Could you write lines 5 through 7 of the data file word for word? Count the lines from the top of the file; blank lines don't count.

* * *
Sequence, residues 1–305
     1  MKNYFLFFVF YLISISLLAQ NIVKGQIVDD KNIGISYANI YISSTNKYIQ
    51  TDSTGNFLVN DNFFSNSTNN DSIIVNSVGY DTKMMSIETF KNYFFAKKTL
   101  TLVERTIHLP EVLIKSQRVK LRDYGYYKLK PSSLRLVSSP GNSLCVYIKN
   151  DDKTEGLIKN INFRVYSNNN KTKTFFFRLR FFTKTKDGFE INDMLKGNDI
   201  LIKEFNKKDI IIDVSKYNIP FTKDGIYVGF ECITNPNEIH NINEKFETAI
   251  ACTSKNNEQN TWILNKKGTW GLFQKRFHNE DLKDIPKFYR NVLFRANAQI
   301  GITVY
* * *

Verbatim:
   151  DDKTEGLIKN INFRVYSNNN KTKTFFFRLR FFTKTKDGFE INDMLKGNDI
   201  LIKEFNKKDI IIDVSKYNIP FTKDGIYVGF ECITNPNEIH NINEKFETAI
   251  ACTSKNNEQN TWILNKKGTW GLFQKRFHNE DLKDIPKFYR NVLFRANAQI